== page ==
Today’s Poetic Asides prompt: “…write a poem that combines the best and worst part of 2010.”
The worst is easy enough. One has only to check out today’s headlines to read about the devastation in Haiti and how bipartisan politics threatens to doom any efforts at health care reform in this country. Yet it seems to be the human condition to endure, in spite of both natural disasters and man-made hardships.
Amidst earthquakes and
The sun still rises
Reading Local: Portland
I am very excited that I am now an official contributor to Reading Local: Portland, a website that highlights events going in the Portland literary scene, including author and publisher interviews, book reviews, and a listing of upcoming events: http://bit.ly/4ZD4Jl
Stick ‘Em Up
A poem of mine entitled Stick ‘Em Up, appears in the January issue of the online Four and Twenty journal today:
This Wednesday’s Poetic Asides prompt: “…write a poem covering something you think about all the time.”
Now arguably, I don’t think about frogs ALL the time, but I do think about them more than one might think. 🙂
I was just about to post, when I decided I’d better check dictionary.doc to verify how many syllables “really” is. It just had the looks of one of those slippery words. Sure enough, the first entry said three. Oh no! Had I worked so hard to get it down to a haiku, only to be foiled at the last minute? I checked Merriam-Webster online, and even resorted to my physical dictionary only to find that they all had “really” listed as having three syllables.
In desperation, I turned to The Free Dictionary (online), which finally listed “really” as two OR three syllables. When I went back to dictionary.com, it turns out it has a two syllable version of “really” listed there as well. I had just been too hasty, I guess. The first entry for “really” was really for “re-ally” (a subtle distinction, for sure!) So here is my haiku, with a two-syllable “really” on the first and third lines. And for any one who remains unconvinced, this works just fine with “indeed”, “in fact”, “truly” or “in truth” in the place of “really”. I just like the cadence of it best as is:
What I Think About
Frogs who are really
Princes in disguise, and frogs
Who are really frogs
Did I Succeed?
So here’s the moment of truth. I actually found last year’s resolutions and now I get a chance to do a post-mortem of 2009 and see how well my accomplishments actually stack up with my expectations. My 2010 comments are in pink.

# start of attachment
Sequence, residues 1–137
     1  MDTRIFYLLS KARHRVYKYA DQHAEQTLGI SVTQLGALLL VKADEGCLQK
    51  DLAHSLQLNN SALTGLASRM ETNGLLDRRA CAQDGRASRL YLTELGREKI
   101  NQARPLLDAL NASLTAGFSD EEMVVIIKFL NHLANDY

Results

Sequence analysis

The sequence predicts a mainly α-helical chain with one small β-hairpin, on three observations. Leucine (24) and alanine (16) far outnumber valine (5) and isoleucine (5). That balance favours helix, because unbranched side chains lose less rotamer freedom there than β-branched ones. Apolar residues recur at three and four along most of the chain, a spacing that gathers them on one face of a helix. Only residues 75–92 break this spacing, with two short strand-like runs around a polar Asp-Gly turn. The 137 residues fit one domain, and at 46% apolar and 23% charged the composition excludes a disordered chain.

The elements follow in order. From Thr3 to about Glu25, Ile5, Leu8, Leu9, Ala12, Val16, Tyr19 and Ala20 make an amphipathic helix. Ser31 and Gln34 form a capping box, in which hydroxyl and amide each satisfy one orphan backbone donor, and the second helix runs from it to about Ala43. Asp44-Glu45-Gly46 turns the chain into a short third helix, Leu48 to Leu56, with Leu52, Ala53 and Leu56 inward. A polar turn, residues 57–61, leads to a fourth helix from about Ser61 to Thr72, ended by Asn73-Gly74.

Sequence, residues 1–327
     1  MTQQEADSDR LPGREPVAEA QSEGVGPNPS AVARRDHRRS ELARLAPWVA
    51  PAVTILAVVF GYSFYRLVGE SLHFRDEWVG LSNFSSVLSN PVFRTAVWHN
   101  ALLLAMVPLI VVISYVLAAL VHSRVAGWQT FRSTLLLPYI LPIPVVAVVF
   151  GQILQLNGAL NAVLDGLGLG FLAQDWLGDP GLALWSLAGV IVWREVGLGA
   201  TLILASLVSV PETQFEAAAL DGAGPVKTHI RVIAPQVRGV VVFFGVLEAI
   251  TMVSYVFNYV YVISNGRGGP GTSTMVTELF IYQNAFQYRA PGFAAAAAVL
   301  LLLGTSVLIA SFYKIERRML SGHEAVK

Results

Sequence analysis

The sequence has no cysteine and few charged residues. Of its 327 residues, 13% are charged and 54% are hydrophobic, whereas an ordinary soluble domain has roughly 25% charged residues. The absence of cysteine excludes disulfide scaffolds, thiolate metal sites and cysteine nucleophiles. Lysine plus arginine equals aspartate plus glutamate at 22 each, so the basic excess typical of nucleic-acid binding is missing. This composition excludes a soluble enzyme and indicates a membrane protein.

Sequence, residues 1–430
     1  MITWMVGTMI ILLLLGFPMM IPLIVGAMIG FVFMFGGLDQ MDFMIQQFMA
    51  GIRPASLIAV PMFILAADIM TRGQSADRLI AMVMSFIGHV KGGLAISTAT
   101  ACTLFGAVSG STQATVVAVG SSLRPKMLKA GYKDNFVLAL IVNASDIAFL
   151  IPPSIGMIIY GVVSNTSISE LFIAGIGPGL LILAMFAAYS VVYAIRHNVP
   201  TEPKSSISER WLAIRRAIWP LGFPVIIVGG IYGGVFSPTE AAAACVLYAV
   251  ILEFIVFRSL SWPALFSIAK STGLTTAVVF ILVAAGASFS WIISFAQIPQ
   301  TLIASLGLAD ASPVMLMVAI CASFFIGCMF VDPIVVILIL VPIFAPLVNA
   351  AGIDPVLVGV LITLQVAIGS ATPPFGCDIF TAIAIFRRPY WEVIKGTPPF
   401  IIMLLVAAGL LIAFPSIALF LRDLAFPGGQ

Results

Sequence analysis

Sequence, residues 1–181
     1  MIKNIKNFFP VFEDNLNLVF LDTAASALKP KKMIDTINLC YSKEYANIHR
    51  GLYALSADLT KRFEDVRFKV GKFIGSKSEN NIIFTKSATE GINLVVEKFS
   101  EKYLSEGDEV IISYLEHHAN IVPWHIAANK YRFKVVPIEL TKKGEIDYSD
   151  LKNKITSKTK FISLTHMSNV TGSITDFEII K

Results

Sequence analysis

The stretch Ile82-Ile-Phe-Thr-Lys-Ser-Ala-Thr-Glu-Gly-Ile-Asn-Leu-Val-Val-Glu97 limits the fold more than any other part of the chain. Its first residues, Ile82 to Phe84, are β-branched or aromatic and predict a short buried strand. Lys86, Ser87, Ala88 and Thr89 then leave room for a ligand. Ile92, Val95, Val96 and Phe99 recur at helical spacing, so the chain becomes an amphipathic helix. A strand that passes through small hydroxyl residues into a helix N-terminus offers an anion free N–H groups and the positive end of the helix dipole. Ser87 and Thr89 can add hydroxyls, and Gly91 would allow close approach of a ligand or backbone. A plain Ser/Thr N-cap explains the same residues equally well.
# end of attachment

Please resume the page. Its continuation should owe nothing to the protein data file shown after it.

I was dating a check this morning and realized with a shock that January is flying along, and here I haven’t even made my New Year’s Resolutions! This is one tradition I just can’t bring myself to deep six, so in the spirit of better late than never, here goes.
Well, in the first place, I sat down to write my resolutions almost three weeks earlier this year (January 3, as opposed to January 22). That’s a good start!
For as many years as I can remember, one of my resolutions has been to exercise regularly. I know I am not alone, as looking for a parking space at my fitness club lately recalls the less happy aspects of shopping at the mall at Christmas time. My friend Tricia assures me that come Valentine’s Day, all these New-Year’s-Resolution people will have given up, and life will be back to normal.
I’ve been to the gym every single day this week for one class and thirty minutes of walking. Go me! (The parking lot at the gym is still a disaster.)
Well, that got me to thinking about how people in general, and me in particular, tend to approach resolutions. We generally set unrealistic expectations that feel more like a punishment than a way of promoting self-improvement. What’s the use of resolutions if you either ignore them, or worse, if they damage your self-esteem? I want resolutions that motivate me, and will make me feel good about myself when I look back over the year!
In that spirit, I think I’ll start with a year-in-review look at 2008. My chief accomplishment last year, although I cringe a bit at using the word “accomplishment” to describe it, was in caring for my parents (along with my siblings) after both were diagnosed with terminal cancer. Along with the heartache, there were happy periods mixed in there as well, and I can look back now over that time with the sense of peace that comes from knowing that I did everything within my power to bring a measure of comfort to my parents’ final months.
On March 20, what would have been my parent’s 60th anniversary, we held a memorial service for them. It was very healing.
Later that year, my siblings and I also worked in concert to settle my parents’ estate. It was a Herculean effort to empty their house and get it ready to put on the market, and a tribute to our efficiency skills that we not only did so in record time, but were able to sell it shortly before the market tanked. As my own house is now stuffed to the gills with my parents’ furniture, art objects galore, glassware, and boxes of old papers, I can perhaps be forgiven if “eliminate clutter” does not appear at the top of my New Year’s resolutions list for many a year.
I still haven’t gone through the boxes. Maybe next year…
In the course of notifying family friends and relatives of my parents’ deaths, we rekindled acquaintanceships that had been dormant for years, some going clear back into my early childhood, and I was excited to discover two “new” cousins of our mother’s, hitherto unknown to me, that I am now in contact with.